While Nobuo Uematsu may be enjoying the good life at his own pace, his legacy of contributions to the Final Fantasy franchise continues to grow as a vast library of arrangements and remixes. The awkwardly titled BRA★BRA FINAL FANTASY BRASS de BRAVO 2 again features the Siena Wind Orchestra, who perform 12 more arrangements from the franchise. Shiro Hamaguchi (who arranged the bulk of Distant Worlds) returns with a cast of others to rework some of the more popular, as well as less often touched, melodies from the Final Fantasy library.
The Siena Orchestra, conducted by Yutaka Sado, is a small, energetic mix of woodwind and brass musicians that expertly handle delicate, airy melodies adjacent to toe-tapping orchestra hits with all horns blaring. Their expertise contributes a smooth, balanced sound to every piece, and their creativity lends a liveliness to the album that is absent from most Final Fantasy arrangements. While almost every piece repeats the main theme two or three times, the actual arrangements frequently vary. Individual sections perform on top of and behind the orchestra, adding accents to the selections that sound almost improvisational and give the album a festive air.
The album has no particular theme, nor are the tracks presented in an order that contributes to their presentation. However, they are well chosen, lending themselves well to the arrangers’ and orchestra’s talents. There are no duds here, and the album makes for good listening regardless of one’s fandom for the music of Final Fantasy or even game music in general. The technical audio work enhances the results and makes the album pleasant for background or active listening.
Those who are fans of Uematsu’s work will have a rich set of surprises. In fact, “full of surprises” is a good summary for this album. Ever wonder what Kefka’s Theme would sound like as a big band swing/jazz piece? Wonder no more! Can the Gold Saucer be played solely on recorders? Give it a listen!
One of my favorite surprises was “Something to Protect,” from Final Fantasy IX. The original was a synthetic version of an orchestrated Spanish-like dance, and this arrangement takes the idea and runs with it. The Siena Orchestra is complemented by instruments such as bells, castanets, and a harp that come together to capture the late medieval feel that the original could only hint at. The end result is a perfection of the original that is well worth a listen.
The majority of the album consists of solid pieces that rely on Siena’s roots as a traditional orchestra, but also play to their strengths. Both the medley “Main Theme FFI/II/III” and the song “Main Theme of Final Fantasy IV” are carried by clarinets, flutes, and gentle horn swells that bring out the high fantasy themes of their settings. Other pieces, such as “Cosmo Canyon” and the opening piece, “Battle on the Big Bridge,” rely on the combination of power and expression that an orchestra brings. Meanwhile, “Fight with Seymour” and “Fragments of Memories” stand at opposite extremes, the former full of brass, orchestra hits, and snare drums that sound appropriate for a marching band, and the latter performed by smooth clarinets that turn the music box melody into a pastoral theme.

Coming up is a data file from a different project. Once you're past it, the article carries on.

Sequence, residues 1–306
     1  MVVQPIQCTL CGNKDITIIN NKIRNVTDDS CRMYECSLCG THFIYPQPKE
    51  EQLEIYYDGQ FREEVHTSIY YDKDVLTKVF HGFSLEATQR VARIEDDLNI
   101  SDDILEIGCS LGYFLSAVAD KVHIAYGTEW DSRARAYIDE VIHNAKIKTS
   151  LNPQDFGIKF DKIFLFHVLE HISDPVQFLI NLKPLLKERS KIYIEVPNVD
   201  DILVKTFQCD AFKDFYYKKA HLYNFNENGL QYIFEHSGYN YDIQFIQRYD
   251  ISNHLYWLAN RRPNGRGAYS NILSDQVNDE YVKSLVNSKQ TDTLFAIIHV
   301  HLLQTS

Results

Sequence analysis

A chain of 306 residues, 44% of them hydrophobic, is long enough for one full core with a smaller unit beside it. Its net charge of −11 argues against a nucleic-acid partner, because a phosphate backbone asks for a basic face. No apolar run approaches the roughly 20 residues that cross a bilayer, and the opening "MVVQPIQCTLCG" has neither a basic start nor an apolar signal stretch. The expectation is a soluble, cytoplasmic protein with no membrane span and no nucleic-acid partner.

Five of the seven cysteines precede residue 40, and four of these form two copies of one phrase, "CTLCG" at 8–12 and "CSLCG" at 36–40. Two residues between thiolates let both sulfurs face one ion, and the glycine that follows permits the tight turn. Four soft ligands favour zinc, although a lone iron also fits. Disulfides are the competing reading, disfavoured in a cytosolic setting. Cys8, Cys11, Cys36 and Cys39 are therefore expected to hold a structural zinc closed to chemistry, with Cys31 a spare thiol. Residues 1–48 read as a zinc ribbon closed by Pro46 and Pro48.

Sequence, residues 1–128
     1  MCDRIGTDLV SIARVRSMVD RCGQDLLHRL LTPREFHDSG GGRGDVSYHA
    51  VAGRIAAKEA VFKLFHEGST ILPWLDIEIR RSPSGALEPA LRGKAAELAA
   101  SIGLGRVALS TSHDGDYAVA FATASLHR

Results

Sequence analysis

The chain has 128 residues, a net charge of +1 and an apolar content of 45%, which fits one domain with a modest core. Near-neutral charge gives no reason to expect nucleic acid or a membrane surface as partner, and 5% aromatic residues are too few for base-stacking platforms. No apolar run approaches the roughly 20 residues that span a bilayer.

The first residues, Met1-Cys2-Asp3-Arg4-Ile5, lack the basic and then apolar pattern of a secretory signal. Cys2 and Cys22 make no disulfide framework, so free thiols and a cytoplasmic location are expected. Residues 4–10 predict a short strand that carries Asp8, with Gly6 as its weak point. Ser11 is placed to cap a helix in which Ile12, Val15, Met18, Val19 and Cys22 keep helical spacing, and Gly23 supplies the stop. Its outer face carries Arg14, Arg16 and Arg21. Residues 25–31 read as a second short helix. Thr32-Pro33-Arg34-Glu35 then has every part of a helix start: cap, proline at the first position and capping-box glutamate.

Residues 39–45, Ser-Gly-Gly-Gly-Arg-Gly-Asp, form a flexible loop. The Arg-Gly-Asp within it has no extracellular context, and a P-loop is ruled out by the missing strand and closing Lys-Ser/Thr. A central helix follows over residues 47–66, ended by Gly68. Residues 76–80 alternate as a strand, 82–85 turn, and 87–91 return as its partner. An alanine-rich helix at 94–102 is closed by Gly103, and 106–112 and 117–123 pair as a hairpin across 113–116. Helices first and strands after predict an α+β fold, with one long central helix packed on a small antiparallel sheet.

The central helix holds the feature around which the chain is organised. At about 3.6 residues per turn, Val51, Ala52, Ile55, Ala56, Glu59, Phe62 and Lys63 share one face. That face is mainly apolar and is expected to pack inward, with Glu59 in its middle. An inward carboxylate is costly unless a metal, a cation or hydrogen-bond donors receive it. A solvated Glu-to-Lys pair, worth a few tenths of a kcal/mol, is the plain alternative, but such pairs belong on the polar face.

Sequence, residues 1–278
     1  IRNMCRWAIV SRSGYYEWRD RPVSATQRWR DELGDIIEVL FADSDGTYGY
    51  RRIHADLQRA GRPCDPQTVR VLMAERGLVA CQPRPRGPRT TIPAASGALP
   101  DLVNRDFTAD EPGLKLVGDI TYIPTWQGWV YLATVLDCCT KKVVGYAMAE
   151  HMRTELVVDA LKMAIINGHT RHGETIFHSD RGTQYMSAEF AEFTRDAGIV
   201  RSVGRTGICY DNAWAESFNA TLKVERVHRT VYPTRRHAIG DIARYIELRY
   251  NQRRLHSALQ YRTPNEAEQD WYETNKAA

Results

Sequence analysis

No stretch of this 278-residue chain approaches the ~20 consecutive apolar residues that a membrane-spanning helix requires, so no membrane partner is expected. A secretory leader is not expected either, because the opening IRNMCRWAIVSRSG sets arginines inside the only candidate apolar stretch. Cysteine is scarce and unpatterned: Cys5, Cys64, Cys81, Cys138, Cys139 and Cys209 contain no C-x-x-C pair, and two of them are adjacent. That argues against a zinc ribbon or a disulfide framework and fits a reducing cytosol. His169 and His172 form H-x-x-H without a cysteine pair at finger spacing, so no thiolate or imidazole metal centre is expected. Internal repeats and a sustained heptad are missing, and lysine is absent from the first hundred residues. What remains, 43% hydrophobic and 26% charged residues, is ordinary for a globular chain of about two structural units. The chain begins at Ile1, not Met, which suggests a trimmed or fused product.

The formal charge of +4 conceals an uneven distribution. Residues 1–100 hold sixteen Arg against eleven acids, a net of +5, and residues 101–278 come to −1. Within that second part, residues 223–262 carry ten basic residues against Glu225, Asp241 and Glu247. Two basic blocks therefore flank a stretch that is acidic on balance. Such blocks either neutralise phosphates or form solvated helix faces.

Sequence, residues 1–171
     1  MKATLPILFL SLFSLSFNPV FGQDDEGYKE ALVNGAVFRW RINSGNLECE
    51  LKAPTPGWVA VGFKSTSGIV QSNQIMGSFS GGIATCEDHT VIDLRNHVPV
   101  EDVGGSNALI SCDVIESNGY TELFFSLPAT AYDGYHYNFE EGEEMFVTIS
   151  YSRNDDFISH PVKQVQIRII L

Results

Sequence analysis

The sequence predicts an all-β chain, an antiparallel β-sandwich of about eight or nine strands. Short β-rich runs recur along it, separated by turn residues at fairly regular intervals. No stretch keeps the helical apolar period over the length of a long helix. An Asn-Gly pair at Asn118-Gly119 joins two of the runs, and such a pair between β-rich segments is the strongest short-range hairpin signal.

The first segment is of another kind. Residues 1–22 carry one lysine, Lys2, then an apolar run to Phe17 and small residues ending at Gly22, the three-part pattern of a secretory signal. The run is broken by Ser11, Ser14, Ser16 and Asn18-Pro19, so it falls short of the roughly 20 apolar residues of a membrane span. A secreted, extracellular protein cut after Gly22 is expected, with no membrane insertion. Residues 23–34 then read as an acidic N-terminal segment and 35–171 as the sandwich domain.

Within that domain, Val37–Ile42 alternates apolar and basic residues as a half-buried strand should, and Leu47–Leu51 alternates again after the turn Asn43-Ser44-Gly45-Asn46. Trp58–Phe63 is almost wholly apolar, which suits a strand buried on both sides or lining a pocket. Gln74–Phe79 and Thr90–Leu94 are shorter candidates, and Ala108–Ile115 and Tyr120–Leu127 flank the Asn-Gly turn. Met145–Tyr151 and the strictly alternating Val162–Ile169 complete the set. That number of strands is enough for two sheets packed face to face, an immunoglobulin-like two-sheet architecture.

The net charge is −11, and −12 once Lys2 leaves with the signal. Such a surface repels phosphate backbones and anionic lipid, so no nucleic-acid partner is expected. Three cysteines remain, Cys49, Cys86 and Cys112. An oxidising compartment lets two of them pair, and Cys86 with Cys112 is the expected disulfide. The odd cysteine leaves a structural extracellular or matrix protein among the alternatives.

If there is anything disparaging to say about the album, it is that, once again, we have an orchestral arrangement of “The Man with the Machine Gun,” which hardly needed the work. It was already arranged by Shiro Hamaguchi himself and performed by orchestra for both Distant Worlds II and the 20020220 album. This arrangement doesn’t deviate heavily and leaves me suspecting that Hamaguchi arranged all 3 versions.
While many of the other songs have also been done before, the arrangements here are largely unique, and the Siena Orchestra’s liveliness along with the superior technical work on the audio make this a top-shelf orchestral album that raises the question, why the misleading “brass” in the title? To be clear, Siena refers to itself as a wind orchestra, and this is accurate. They are a diverse, predominantly woodwind orchestra, not a brass band, and their versatility and talent should not be underestimated.
On that note, anyone looking to add another set of orchestral arrangements to their Final Fantasy collection, or those who enjoyed the first BRA★BRA, should not hesitate to grab a copy of this album. If you are a lover of contemporary orchestra, or game arrangements in general, you will also find much to love here. It is an excellent example of what makes orchestras fun, Uematsu’s melodies memorable, and games worth listening to.
Go get it, bra!